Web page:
Week 25 – June 21 – 25

2010 Mosquito Report: Week 25

Report based on data collected from traps deployed the week of June 21, 2010 through June 25, 2010. Report prepared by John Smith, Chan Suom, M.S., and Nate Boonisar.

1. Current mosquito activity/trend

CDC Light Traps:
Most towns in Norfolk County experienced a surge in mosquito activity such as the following: Avon, Bellingham, Braintree, Canton, Franklin, Holbrook, Medway, Millis, Milton, Norfolk, parts of Sharon, parts of Walpole, and Wrentham. Medfield was the only town to record lower than average mosquito activity. Dedham, Foxboro, Needham, Plainville, and Weymouth reported average mosquito populations.

Gravid Traps:
Gravid traps were deployed for the first time this season. Most towns in the county reported average mosquito activity. Avon and Randolph had lower than average collections. The towns of Bellingham, Dedham, Holbrook, Medfield, Medway, Milton, Quincy, and Walpole recorded higher than average numbers of mosquitoes.

2. Current Predominant Species

CDC Light Traps:
The most predominant CDC trapped mosquitoes in Norfolk County this week were once again Coquillettidia perturbans. As in recent weeks, Ochlerotatus canadensispopulations are on the decline. Culex pipiens/restuans have become numerous in light traps in Franklin and Medway.

Gravid Traps:
Culex pipiens/restuans dominate gravid trap collections. It appears Oc. triseriatus populations are increasing as they are almost as common in gravid traps as Oc.japonicus.

3. Comparison to previous season

Mosquito activity is higher than average in most towns in Norfolk County. Coquillettidia perturbans populations continue last week’s trend of spiking in many parts of the county. Every CDC light trap has a collection of Co. perturbans. Avon collected over 1300 specimens, whereas Franklin collected a little under 2000. The Millis and Walpole traps collected more than 2000 Co. perturbans respectively. We are not sure if this is the peak of their activity but will continue to monitor this species closely in future collections. If the previous weeks are any indication, this trend may just continue into Week 26, the historical peak of Co. perturbansin Norfolk County.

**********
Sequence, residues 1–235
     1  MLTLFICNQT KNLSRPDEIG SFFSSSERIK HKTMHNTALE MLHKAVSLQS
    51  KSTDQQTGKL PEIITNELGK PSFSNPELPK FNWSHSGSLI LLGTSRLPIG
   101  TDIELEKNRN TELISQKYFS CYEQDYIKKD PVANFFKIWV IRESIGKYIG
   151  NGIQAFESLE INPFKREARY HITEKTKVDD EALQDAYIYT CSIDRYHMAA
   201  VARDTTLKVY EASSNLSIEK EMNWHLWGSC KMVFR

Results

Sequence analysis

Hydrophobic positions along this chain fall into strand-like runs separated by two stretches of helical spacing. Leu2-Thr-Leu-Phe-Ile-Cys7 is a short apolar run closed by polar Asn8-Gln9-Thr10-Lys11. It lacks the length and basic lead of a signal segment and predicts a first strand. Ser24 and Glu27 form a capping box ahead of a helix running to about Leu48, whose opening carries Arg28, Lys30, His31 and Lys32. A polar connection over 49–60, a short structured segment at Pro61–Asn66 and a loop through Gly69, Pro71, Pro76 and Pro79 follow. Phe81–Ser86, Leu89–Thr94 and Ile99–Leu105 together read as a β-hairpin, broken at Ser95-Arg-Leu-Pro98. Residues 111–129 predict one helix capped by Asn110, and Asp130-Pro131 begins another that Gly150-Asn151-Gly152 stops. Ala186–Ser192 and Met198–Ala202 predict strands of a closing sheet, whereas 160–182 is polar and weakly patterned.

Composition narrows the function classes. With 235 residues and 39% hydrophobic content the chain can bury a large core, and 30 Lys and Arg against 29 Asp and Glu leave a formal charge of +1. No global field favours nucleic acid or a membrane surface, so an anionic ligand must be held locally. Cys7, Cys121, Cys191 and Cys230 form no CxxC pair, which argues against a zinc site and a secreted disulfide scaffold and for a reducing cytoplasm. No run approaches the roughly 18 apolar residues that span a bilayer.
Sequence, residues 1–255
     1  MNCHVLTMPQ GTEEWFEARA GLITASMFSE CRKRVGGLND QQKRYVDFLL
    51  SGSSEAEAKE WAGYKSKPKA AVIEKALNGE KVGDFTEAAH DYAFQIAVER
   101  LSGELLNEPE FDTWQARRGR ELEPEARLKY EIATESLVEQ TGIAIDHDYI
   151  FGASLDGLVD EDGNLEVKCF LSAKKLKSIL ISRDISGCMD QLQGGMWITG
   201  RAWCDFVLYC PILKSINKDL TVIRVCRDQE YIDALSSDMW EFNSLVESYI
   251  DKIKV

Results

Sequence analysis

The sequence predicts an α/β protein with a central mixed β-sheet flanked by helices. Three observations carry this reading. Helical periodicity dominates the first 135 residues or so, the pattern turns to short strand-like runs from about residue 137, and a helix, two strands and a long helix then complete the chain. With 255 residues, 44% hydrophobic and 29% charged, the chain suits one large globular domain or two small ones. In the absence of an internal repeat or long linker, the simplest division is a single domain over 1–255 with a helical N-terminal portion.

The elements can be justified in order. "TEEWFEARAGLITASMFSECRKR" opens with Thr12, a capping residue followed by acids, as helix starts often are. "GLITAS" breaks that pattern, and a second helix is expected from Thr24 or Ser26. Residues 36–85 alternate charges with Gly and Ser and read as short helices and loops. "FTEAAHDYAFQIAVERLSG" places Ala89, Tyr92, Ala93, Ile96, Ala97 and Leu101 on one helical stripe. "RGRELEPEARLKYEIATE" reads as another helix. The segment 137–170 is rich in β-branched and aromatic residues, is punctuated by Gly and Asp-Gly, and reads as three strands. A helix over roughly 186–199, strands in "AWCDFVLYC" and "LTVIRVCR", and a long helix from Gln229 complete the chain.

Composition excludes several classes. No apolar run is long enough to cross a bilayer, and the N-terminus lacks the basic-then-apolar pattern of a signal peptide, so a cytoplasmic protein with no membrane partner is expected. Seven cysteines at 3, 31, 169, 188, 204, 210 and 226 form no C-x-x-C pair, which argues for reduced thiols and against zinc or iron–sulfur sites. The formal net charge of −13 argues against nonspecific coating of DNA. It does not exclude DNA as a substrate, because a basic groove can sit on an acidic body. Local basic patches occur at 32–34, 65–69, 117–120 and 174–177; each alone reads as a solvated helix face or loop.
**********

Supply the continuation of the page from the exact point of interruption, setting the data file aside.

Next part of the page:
4. Weather Summary

A weak cold frontal passage on Sunday brought thunderstorms to the area. Rainfall was highly variable ranging from a trace to nearly 1.5 inches in localized spots, mostly in the north and south. A warm frontal passage on Tuesday night into Wednesday brought some light rain to the area, with amounts averaging from a trace to ¼ inch. Finally a cold frontal passage on Thursday brought more thunderstorms, mainly in the northern part of the county with amounts up to ¼ inch. Overall for the week, rainfall was near to slightly below normal across most of the county (except for localized areas with well above normal precip), with well below normal amounts in the far west. Monthly rainfall continues below normal county-wide. Meanwhile temperatures were well above normal all week.

Total weekly rainfall: 0.55 inches (-0.20 in.)
Total Monthly rainfall: 2.18 inches (-0.62 in.)
Total Yearly rainfall: 29.61 inches (+8.75 in.)

5. Number of requests for service

NCMCP received 2,975 calls year to date for service as of 6/25/10. NCMCP received 368 calls for service this week.

6. MCP/Commission response

NCMCP has been conducting “area wide” ground ULV applications when and where necessary. Rain basin monitoring with a Landers Ladle indicatedCulex larvae present in many of the basins sampled and at a higher rate than in Epi week 24. As a result NCMCP has begun rain basin treatments using a briquette with both Bti and Bs as the active ingredients (Fourstar). Interesting note – the larvae collected from an pre-installed (above ground) rain basin chamber at one of the eastern most DPW sites were identified as Ochlerotatas altropalpus, commonly referred to as the rock pool mosquito.


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Walpole, MA 02081

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